I wouldn't consider Windows or OSX the preferred platforms for squeezelite anyhow.

Let's concentrate on the Raspberry PI (which is still my preferred micro client) and squeezelite.

There are several projects out there offering squeezelite as an audio service

To name a few:

*  PiCorePlayer 
*  Moode Audio 
*  Diet Pi
* ......

Note: Volumio supports MPD (music player daemon) only!

These projects basically take a basic OS - usually based on Raspbian or Arch Linux Arm -, install squeezelite, create a web interface to be able to control the environment and put 
the image on the net. 
Some of them introduce more, some less audio related optimizations or extra features. 
In case of questions or need for support the community and the maintainers are happy to help.


As a user with a I2S-HAT or USB DAC at hand, you basically buy a Raspberry PI, 
copy the provided .iso-image on a SD-card, plug it in, boot your PI up and you're 
almost ready to go. 

You won't get around doing some minor configurations to get your own 
environment going. 

These projects and related efforts must be highly appreciated. 
With these setups you can compete with streaming solutions as provided 
by commercial companies - at a much lower cost and a much higher flexibility.


Just to mention it: 

iOS and Droid tablets and phones can already be used as squeezeboxes through commercial apps like iPeng-player and squeezeplayer. 
These apps are basic squeezebox emulators and usually address a slightly different target group then squeezelite.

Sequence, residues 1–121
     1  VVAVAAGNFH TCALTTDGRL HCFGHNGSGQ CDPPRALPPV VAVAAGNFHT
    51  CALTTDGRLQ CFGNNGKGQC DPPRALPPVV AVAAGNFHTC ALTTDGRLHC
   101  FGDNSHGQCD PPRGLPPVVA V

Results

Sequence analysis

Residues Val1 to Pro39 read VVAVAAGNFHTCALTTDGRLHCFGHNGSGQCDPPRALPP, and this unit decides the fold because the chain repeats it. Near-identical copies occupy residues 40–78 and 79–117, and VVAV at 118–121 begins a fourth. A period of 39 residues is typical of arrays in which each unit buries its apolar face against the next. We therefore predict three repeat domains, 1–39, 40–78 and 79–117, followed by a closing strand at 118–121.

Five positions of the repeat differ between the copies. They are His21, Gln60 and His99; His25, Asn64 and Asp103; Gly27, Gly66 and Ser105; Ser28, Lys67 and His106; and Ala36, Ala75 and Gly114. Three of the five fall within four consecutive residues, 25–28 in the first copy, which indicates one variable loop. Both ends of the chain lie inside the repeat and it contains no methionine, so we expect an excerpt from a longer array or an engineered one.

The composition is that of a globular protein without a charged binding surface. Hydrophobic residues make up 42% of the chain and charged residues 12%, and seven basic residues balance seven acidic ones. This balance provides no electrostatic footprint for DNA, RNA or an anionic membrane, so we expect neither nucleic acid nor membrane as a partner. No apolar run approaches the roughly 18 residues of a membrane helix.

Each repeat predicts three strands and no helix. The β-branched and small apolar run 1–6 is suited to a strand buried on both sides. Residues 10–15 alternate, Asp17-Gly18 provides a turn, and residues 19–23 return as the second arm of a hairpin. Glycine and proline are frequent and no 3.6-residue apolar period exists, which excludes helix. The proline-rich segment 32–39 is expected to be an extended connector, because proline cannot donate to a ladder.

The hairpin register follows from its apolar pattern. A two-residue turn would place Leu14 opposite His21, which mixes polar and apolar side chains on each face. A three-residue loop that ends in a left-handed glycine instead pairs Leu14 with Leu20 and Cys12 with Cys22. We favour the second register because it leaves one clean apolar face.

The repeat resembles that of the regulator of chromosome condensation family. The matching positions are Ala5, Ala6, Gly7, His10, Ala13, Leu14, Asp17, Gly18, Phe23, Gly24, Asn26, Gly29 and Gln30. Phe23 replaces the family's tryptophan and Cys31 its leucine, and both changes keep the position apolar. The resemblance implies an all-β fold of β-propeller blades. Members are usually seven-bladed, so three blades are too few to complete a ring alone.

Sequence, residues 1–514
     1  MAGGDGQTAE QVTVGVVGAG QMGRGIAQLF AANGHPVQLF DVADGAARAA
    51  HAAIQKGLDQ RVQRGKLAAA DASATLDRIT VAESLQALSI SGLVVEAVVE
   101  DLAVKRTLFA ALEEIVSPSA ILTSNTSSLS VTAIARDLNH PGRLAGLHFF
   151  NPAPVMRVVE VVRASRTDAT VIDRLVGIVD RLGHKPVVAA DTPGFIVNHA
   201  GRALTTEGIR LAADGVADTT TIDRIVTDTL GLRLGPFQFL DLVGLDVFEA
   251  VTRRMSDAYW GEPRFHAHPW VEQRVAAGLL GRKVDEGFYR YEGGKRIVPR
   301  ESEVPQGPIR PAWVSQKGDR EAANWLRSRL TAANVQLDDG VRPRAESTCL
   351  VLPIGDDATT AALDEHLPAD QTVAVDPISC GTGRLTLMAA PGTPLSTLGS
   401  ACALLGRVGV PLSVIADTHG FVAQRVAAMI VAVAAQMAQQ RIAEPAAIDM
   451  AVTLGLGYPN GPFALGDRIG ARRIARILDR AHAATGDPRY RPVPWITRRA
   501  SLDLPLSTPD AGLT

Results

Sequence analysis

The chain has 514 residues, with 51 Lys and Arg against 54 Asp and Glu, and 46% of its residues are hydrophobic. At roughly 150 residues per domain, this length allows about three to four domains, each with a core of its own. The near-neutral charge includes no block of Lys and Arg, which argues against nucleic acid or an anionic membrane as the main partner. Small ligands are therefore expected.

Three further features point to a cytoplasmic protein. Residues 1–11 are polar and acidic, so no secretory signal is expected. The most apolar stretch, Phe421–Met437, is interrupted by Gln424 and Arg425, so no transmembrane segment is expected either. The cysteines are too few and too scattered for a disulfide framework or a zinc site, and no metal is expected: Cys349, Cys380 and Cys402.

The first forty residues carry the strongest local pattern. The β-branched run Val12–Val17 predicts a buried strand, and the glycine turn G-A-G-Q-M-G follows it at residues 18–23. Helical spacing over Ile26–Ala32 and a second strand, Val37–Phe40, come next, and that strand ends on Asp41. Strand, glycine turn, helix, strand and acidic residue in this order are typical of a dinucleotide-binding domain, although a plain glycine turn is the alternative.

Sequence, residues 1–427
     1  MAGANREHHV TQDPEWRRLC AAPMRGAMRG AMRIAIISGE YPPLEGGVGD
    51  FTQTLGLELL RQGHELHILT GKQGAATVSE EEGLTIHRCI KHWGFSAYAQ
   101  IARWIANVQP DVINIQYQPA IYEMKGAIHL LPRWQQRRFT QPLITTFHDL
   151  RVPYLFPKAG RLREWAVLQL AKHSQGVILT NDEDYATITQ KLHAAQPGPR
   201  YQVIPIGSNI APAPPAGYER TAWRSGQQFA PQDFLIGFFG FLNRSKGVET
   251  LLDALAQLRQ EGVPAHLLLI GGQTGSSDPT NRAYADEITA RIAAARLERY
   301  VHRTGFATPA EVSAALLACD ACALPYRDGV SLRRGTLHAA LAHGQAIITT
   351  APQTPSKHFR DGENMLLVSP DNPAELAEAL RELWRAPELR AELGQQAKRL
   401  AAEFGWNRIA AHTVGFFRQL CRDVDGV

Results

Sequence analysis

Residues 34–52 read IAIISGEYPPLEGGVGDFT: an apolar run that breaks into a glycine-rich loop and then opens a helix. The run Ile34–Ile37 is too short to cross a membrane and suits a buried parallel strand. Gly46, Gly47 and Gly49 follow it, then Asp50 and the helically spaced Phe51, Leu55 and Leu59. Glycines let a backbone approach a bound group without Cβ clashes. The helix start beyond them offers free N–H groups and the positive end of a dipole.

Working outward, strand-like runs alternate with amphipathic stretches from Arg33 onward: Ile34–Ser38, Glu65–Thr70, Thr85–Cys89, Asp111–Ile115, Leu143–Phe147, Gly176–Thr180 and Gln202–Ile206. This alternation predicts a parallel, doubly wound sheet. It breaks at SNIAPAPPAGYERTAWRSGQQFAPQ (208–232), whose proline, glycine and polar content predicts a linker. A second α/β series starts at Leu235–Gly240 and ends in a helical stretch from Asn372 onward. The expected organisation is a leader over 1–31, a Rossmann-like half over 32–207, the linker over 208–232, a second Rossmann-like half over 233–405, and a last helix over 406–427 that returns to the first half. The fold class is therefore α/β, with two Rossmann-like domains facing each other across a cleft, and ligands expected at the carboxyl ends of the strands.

You'll find these apps for a couple of bucks in the known app stores or as in-app purchases.
If you own a tablet or phone you should consider to use it as streaming client. 
These might even do better than a "basic" Raspberry Pi installation.

Bottom line.



Nowadays, we basically can make every linux based coffeemaker in the house part of the Squeeze Streaming Universe at very little efforts. There's no need to spent thousands of $ on commercial streaming clients.



With squeezelite at hand there's no need to have a Logitech Squeezebox or any other commercial streaming hardware anymore. 


 
Adrian and Ralphy did and still do a great job in providing such a package to us.

From my perspective this software wasn't just an evolution, no it was an revolutionary 
step forward.



Great stuff.    Enjoy.    I do.


Stay tuned. 




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Annex 1:

A basic squeezelite installation on Ubuntu 

(duration: approx.  20 minutes on top of Ubuntu  installation)